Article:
The new tax law cost banks profitability in the fourth quarter of 2017, as banks reported net income down nearly 41% from the same period a year earlier, the federal insurer of bank deposits said Tuesday.
The tax legislation also caused full-year profitability to be lower than the year before, the agency stated.
In releasing results from the fourth quarter of last year (and all of 2017), the Federal Deposit Insurance Corp. (FDIC) stated that the decrease in net income was from one-time charges banks posted as a result of the enactment of the Tax Cuts and Jobs Act of 2017. The FDIC said that reported aggregate net income was $25.5 billion for the fourth quarter, down $17.7 billion (40.9 percent) from the same period a year earlier.
“The decline in net income is primarily due to one-time income tax effects from the new tax law, including the revaluation of deferred tax assets and repatriation of income from foreign subsidiaries,” the FDIC said in a release.
The agency also noted that the one-time tax charge resulted in full-year net income for 2017 declining 3.5% (or $6 billion) from 2016. However, according to FDIC Board Chairman Martin Gruenberg, the decline in net income did not affect the overall health of the national banking system.
“Despite the decline in net income, the banking industry continued to show steady improvement. Loan balances grew, net interest margins increased, asset quality remained stable, and the number of ‘problem banks’ continued to fall,” he said during a press conference announcing the quarter- and year-end results.
However, the bank figures also show that, even without the tax charge, bank net income for the quarter would have been lower than the previous year. According to the FDIC, excluding the one-time income tax effects, estimated quarterly net income would have been $42.2 billion – down 2.3% from a year ago.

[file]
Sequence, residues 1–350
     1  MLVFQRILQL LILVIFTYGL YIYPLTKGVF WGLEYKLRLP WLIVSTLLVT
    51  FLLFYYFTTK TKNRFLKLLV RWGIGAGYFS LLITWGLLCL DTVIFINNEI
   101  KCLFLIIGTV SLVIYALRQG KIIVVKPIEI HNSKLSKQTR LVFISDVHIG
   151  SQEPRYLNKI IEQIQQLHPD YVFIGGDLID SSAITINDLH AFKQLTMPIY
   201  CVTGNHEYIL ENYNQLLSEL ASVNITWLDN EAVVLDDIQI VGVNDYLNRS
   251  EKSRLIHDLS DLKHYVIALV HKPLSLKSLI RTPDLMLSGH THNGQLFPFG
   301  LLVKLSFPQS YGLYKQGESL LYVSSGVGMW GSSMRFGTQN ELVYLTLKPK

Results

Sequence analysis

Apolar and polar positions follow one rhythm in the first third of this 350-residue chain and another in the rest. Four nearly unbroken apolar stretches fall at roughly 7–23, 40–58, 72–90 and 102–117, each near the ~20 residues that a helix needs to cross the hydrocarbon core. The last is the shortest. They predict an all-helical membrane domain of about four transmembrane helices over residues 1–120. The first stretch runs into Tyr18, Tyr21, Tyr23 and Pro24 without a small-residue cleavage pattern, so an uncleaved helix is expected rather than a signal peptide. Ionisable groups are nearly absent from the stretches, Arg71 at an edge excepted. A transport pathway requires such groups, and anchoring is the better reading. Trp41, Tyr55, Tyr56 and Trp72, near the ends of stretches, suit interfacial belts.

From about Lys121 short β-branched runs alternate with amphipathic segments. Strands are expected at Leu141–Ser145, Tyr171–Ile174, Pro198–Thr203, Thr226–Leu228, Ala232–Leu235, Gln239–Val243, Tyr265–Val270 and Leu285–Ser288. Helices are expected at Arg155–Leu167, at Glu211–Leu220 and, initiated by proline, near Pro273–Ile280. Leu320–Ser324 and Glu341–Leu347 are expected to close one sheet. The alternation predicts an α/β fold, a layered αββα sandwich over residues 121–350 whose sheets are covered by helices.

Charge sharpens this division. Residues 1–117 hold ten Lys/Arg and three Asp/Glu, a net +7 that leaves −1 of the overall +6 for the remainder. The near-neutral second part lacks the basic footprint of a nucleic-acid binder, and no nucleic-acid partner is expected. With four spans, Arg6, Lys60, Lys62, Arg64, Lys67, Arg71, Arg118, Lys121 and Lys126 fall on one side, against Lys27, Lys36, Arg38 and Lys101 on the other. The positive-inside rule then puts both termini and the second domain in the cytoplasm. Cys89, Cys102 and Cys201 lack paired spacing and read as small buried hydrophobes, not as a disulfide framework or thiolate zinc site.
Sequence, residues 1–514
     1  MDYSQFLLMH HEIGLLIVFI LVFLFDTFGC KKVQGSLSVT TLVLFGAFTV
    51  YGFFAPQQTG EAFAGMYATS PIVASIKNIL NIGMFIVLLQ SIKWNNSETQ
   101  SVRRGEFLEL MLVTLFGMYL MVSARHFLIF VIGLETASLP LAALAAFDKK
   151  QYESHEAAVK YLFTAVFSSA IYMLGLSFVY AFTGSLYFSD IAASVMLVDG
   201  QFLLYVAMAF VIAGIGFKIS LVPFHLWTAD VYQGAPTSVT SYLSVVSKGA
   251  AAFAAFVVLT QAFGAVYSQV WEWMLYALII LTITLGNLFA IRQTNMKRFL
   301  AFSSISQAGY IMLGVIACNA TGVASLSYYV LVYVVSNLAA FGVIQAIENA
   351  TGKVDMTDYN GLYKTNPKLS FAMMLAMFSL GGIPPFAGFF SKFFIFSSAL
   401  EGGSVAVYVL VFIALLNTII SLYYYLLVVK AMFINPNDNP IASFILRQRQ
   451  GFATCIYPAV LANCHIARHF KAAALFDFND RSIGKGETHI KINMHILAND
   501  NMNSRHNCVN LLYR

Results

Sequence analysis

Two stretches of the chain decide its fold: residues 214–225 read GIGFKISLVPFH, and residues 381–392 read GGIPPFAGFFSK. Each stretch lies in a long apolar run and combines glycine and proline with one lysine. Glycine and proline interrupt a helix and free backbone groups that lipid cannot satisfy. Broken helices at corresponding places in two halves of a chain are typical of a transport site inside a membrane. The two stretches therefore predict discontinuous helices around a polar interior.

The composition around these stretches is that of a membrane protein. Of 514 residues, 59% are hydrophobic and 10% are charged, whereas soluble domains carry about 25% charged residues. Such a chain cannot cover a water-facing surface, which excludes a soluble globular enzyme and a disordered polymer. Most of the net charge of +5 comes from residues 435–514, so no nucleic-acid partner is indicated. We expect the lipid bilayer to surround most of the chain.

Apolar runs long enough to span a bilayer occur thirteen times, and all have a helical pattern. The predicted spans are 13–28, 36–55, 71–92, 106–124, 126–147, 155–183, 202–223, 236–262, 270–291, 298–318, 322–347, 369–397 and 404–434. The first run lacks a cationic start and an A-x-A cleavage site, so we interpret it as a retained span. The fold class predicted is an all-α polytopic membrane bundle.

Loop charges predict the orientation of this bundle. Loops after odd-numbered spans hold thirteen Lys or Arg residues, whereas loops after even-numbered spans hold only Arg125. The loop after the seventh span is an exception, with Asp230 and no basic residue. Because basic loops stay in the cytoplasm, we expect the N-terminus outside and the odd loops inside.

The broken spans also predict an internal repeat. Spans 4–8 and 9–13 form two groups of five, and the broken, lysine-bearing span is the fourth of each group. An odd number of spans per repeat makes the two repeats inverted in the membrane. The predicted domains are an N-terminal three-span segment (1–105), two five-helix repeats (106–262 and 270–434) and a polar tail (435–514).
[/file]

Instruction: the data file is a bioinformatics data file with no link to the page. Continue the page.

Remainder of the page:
But had the one-time tax charges in the fourth quarter not taken effect, the FDIC said, for the full year net income would have been $183.1 billion, up 7.2% from the previous year.
In other results, the FDIC reported:
- Net interest income was up 8.5% from fourth-quarter 2016: More than four out of five banks (86.4%) reported an improvement in net interest income from a year ago. The average net interest margin was 3.31% in the fourth quarter, up from 3.16% a year ago.
- Number of banks on “problem list” lowest in 10 years: The number declined from 104 banks to 95 during the quarter, the lowest number of problem banks since first quarter 2008. Total assets of problem banks declined from $16 billion in the third quarter to $13.9 billion in the fourth. During the fourth quarter, merger transactions absorbed 64 institutions, two institutions failed, and one new charter was added.
- Total loan and lease balances rose $164.1 billion during fourth quarter: Showing an increase of 1.7% from third-quarter 2017, all major loan categories increased, including credit card balances, up $69.6 billion (8.8%) from the previous quarter; commercial and industrial loans, up $24.5 billion (1.2%); and residential mortgage loans, up $21.7 billion (1.1%). Over the past year, loan and lease balances increased $416.1 billion (4.5%).
- Noncurrent loan rate remains stable; net charge-off rate increases slightly: Loans 90 days or more past due or in nonaccrual status increased $1.5 billion (1.3%) during the fourth quarter. The FDIC said noncurrent balances increased for residential mortgages (up 2.8 billion, or 5.2%) and credit cards (up $1.2 billion, or 11.5%) but declined for commercial and industrial loans (down $1.7 billion, or 8.5%). The average noncurrent loan rate remained unchanged at 1.20 percent from the previous quarter. Net charge-offs increased $1 billion (8.6%) from a year ago, as the average net charge-off rate rose from 0.52% to 0.55%.
- Deposit Insurance Fund’s (DIF) reserve ratio rose to 1.30%, highest since 2004: FDIC said this is the highest reserve ratio since the fourth quarter of 2004. By law, the fund must achieve a minimum reserve ratio of 1.35% by Sept. 30, 2020. FDIC said it expects the reserve ratio to reach 1.35% this year, ahead of the statutory deadline. The fund balance increased $2.2 billion during the fourth quarter to $92.7 billion, driven by assessment income, including surcharges on large banks, FDIC said.